“I am very concerned about the process by which the statement was made and the tone that essentially allowed the White House to direct the Attorney General to consider members of our community ‘domestic terrorists,’” Maraldo wrote. “I agree that we need to focus on civility, and we should be looking to our local law enforcement to protect board members and deal with threats of violence. I would have appreciated an opportunity to work with my fellow board members to give better direction on this very delicate topic.”

Swett responded to Maraldo on Oct. 6, telling her: “I didn’t think the letter fell under an emergency situation, it certainly was not characterized that way when [then-NSBA Interim Executive Director] Chip [Slaven] told the officers he was writing a letter to provide information to the White House, from a request by Secretary Cardona.”

Swett’s reply indicates that Cardona was involved in the development of the letter, which was written as parents descended on school board meetings to express their outrage about the sexually explicit material available in high school libraries and curriculum. Parents have also expressed opposition to the teaching of critical race theory in public schools at school board meetings.

The NSBA letter, combined with a memorandum published by the U.S. Department of Justice five days later that asked federal law enforcement agencies to “facilitate the discussion of strategies for addressing threats against school administrators, board members, teachers and staff,” resulted in considerable backlash.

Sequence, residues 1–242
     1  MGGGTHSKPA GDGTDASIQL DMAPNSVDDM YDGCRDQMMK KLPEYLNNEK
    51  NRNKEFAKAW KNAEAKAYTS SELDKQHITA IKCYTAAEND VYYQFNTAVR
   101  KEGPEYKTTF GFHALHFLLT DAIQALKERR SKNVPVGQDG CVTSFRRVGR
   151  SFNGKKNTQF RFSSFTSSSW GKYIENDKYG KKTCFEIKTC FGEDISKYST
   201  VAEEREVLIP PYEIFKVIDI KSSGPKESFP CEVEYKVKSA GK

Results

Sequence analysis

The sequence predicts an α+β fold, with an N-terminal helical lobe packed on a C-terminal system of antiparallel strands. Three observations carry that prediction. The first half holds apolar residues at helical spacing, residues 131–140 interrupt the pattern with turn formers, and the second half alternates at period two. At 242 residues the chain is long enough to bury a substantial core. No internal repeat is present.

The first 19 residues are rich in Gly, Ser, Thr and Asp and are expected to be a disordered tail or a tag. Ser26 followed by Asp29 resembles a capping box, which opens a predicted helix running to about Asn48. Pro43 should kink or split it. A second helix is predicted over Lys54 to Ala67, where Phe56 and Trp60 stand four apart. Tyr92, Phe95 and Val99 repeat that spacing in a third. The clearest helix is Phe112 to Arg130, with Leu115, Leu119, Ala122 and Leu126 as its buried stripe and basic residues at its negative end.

A group of parents filed a lawsuit against the DOJ over its memo and many state affiliates cut ties with the NSBA in the weeks that followed the letter’s publication. The Minnesota School Board Association was the most recent to terminate its membership with the NBSA.

The debate about parents’ role in their children’s education impacted the outcome of state and local elections in November. The 1776 Project PAC, which endorsed school board candidates opposed to CRT, reported that a majority of the candidates it endorsed emerged victorious in their races. In the Virginia gubernatorial election, Republican Glenn Youngkin defeated Democrat Terry McAuliffe, who declared: “I don’t think parents should be telling schools what they should teach.”

The chain of emails released Tuesday is not the first indication that the Biden administration was involved in the development of the Sept. 29 letter. Parents Defending Education previously obtained an Oct. 2 email where NSBA President Viola Garcia informed members of the organization’s Board of Directors that “NSBA has been engaged with the White House and the Department of Education on these and other issues related to the pandemic for several weeks now.”

The same chain of emails, released by Parents Defending in Education in October, includes an email sent by Slaven to NSBA board members with the letter attached. Slaven spoke of “talks over the last several weeks with White House staff,” noting that “they requested additional information on some of the specific threats.”

Ryan Foley is a reporter for The Christian Post. He can be reached at: